JOURNALIST:

Is there any working room at all in these negotiations Mr Reith?

REITH:

We will sit down with the Democrats in due course. We have got a Senate enquiry process which we’re obviously happy to have and will certainly take submissions. I’ve been having discussions with some of the church groups and we’re very happy to continue to have those discussions. They have to be, however, on an informed basis and we are very happy for

people to put facts and figures to us and to demonstrate to us in a genuine way the concerns that they have. But I would have to say with great respect to those attacking the Government, I mean just sort of empty rhetorical flourishes when they are so obviously contrary to official figures and statistics, doesn’t advance their course much.

JOURNALIST:

(Inaudible)

REITH:

I’m very happy to meet them, I’m very happy to meet them. We’ve had, as I say, a number of discussions already with church groups and the like and we’re very interested to hear what they’ve got to say. But, as I say, it’s got to be on a factual basis.

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JOURNALIST:

Are these people representative do you think of the parishioners out there or do you think that these people have some sort of an agenda?

REITH:

Oh look I don’t question people’s motives, they’re entitled to their point of view and we’re quite interested to hear their point of view.

JOURNALIST:

Are you a church goer yourself Mr Reith?

REITH:

Well, I’m happy to answer these criticisms I don’t think we need to go any further than that.

JOURNALIST:

Can I just ask you on another matter Peter Costello this morning that really now is the time to decide one way or the other on a republic, but if there is a no vote, he fears that there will be an endless repetition of this debate, do you agree with that view?

REITH:

The views that I have on this issue I've put out in a comprehensive paper a couple of weeks ago and I encourage you to read it.

JOURNALIST:

Do you fear an endless future repetition of the debate?

REITH:

What I fear is that some people in the media think that the republic is a far more important issue than people getting a job. I’m pretty interested in employment and small business and getting on with the reform of the labour market because for most Australian’s that is a significant issue and it’s the issue in which they voted back in October last year.

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JOURNALIST:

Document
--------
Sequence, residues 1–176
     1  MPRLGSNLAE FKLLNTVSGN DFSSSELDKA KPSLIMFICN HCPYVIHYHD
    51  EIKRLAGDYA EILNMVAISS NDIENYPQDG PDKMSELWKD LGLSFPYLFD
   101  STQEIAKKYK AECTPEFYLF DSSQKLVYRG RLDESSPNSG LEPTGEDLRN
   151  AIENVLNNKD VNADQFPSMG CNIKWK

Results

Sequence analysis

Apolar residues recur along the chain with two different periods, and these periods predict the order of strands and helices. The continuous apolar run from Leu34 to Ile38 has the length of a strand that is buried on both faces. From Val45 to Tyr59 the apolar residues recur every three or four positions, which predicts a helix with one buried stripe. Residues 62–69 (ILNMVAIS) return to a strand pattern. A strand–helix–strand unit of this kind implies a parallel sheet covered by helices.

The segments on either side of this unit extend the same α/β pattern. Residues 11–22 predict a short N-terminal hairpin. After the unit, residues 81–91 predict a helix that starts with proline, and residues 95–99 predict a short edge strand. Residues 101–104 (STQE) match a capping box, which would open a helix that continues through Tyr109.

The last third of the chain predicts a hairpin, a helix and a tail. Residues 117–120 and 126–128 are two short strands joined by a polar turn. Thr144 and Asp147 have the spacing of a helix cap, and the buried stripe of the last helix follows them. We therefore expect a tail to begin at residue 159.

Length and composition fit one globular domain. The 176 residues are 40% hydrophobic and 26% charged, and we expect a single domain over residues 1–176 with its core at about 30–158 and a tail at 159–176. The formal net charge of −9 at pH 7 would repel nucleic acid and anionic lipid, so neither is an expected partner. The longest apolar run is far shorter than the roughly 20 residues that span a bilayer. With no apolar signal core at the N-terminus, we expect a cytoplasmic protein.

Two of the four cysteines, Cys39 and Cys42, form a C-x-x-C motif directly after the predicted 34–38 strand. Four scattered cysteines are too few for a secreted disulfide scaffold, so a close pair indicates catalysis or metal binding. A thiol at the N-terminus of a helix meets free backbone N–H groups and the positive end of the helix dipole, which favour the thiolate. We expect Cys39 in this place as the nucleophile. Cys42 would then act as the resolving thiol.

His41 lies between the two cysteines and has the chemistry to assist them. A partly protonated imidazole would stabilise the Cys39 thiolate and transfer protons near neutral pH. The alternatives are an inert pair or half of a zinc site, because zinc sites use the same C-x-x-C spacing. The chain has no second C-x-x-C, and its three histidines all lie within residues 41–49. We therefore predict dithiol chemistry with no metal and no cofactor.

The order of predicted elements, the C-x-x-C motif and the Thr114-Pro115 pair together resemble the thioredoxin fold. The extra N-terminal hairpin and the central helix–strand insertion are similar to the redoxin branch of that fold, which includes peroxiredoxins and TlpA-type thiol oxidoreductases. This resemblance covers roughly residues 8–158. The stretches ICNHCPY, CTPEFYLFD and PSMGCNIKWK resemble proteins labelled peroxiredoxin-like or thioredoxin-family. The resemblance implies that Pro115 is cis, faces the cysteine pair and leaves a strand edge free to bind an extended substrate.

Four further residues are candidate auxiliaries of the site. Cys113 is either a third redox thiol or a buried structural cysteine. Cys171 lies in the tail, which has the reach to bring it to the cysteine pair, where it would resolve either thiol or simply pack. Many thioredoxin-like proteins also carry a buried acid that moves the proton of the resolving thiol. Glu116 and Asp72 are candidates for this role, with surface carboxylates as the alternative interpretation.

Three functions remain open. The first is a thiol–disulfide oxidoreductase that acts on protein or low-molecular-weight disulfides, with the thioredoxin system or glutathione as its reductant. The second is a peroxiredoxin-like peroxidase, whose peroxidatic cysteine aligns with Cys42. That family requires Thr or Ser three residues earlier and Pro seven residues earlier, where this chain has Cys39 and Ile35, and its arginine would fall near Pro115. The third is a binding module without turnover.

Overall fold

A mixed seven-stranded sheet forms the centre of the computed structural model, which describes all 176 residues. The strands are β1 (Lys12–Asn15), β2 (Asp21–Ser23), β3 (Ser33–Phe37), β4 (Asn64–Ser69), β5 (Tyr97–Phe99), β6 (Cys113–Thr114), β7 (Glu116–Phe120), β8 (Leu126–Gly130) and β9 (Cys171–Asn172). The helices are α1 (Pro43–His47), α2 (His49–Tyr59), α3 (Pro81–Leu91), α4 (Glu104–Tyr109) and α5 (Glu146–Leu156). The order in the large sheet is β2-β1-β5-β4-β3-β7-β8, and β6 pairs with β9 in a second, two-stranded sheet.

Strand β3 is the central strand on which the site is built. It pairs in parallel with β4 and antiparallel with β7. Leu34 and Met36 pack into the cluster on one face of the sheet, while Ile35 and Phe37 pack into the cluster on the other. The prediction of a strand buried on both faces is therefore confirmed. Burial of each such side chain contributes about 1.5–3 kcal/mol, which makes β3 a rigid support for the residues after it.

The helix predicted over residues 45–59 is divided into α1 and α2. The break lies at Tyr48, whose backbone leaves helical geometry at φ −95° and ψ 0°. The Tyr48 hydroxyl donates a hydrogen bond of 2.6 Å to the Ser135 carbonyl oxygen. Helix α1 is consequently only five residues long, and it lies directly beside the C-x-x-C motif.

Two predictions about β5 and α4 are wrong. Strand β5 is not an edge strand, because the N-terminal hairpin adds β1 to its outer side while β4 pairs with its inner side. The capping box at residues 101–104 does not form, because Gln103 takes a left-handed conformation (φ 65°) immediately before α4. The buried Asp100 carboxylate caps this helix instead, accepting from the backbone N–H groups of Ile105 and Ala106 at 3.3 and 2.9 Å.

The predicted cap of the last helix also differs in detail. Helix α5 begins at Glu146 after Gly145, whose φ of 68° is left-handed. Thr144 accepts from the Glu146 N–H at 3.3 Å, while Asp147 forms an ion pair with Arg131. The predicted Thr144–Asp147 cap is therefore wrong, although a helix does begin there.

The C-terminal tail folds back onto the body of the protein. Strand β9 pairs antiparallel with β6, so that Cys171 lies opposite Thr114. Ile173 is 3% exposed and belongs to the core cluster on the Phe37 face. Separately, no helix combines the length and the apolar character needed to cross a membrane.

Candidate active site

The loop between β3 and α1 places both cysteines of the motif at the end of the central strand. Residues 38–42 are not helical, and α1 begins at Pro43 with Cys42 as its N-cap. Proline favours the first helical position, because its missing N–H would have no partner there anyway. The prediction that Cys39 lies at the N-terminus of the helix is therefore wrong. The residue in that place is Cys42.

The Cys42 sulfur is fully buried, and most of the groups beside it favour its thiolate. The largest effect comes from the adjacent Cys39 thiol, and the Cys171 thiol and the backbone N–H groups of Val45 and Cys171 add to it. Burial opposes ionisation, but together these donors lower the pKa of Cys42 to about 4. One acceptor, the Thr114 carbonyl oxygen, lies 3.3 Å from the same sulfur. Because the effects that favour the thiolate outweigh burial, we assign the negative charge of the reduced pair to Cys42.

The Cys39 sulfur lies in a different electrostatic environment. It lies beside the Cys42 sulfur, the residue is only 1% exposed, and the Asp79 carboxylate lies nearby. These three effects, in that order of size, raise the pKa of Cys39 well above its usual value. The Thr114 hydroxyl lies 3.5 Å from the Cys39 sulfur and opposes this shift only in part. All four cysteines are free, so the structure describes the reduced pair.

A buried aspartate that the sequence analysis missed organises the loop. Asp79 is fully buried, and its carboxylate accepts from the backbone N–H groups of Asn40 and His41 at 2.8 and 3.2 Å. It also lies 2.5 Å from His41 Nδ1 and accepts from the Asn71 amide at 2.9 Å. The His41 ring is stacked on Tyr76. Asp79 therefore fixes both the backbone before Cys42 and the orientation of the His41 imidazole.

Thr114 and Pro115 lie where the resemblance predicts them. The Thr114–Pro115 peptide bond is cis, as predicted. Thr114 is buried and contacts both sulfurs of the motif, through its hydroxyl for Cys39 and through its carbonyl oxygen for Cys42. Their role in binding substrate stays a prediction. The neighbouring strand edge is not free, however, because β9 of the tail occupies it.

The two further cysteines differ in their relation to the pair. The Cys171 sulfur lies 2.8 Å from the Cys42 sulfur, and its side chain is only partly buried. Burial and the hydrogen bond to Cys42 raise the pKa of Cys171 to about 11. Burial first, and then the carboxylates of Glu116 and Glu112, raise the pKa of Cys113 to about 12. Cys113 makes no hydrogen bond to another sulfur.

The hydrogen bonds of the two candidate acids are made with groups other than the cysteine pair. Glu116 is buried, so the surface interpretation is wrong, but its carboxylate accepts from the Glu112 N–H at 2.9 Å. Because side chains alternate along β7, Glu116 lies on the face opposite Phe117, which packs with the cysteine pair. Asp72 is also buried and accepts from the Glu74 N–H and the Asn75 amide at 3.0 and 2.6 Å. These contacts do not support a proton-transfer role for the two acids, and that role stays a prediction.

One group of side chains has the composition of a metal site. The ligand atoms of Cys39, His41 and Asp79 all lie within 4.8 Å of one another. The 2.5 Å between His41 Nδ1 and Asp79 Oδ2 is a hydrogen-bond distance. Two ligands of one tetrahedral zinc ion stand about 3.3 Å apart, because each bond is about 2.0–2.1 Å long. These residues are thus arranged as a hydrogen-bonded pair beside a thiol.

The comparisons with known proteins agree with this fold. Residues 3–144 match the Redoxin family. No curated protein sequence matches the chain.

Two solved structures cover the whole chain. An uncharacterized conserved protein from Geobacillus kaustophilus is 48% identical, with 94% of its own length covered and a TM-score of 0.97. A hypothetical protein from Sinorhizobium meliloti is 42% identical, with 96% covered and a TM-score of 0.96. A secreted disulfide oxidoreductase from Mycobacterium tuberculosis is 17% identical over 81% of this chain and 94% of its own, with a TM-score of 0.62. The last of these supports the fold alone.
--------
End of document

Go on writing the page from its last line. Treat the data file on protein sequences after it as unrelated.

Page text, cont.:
Meg Lees has also said that if the republic doesn’t get up now it's going to take another two Governments to (inaudible), what do you think of that scenario?

REITH:

Oh well, I am sure those Australians who are interested in the details in all these matters will look back on the history of referenda in Australia and they will make up their own minds.

JOURNALIST:

You seemed to be so interested a couple of weeks ago and now you’re not keen on any of this debate any more?

REITH:

Well, I have put a point of view and I have put in on the public record, the reason for putting it out in a way-that I did was so that there would be answer to every question that you could think of between now and the 6,h of November.

JOURNALIST:

(Inaudible)

REITH:

The only other issue I would say in respect of Oakdale is that the Government is obviously concerned about that issue. There are obviously pros and cons in the public debate on whether or not the long service leave funds should be used. It should be remember the long service leave fund is like superannuation, it’s like taking superannuation monies and saying

they should be used for redundancy funds, those funds have been put aside by the industry for long service leave. That fund contrary to claims being made is not fully funded and on the advice that I have will certainly not be fully funded in the Year 2003. It is a pot of money in the same way that the CFMEU has twelve million dollars in a strike fund which they’ve not

been prepared to assist with the Oakdale workers. Finding a solution to this needs to address the problems of having a source of funds which can be ongoing as we look at not just Oakdale, but other circumstances where companies have gone broke. We estimate that there is something between seventeen thousand on one estimate or twenty one thousand people a year who are ending up with nothing or virtually nothing as a result of insolvency and

obviously we need to look at a scheme that is fair to everybody.

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JOURNALIST:

The question is how long will it take to decide?

REITH:

Well, I said to the Oakdale guys last week that we would like to have an answer on it sooner rather than later for them. A national scheme would be a further matter beyond Oakdale, so we’ve not linked the two contrary to their claims. We would like to deal with their circumstance, but we also need to be thinking about how we are going to be deal with the issue in the future. So I would hope that we could deal with Oakdale sooner than later and then beyond that we could look further at a national scheme, knowing, however, the general direction which we might be going.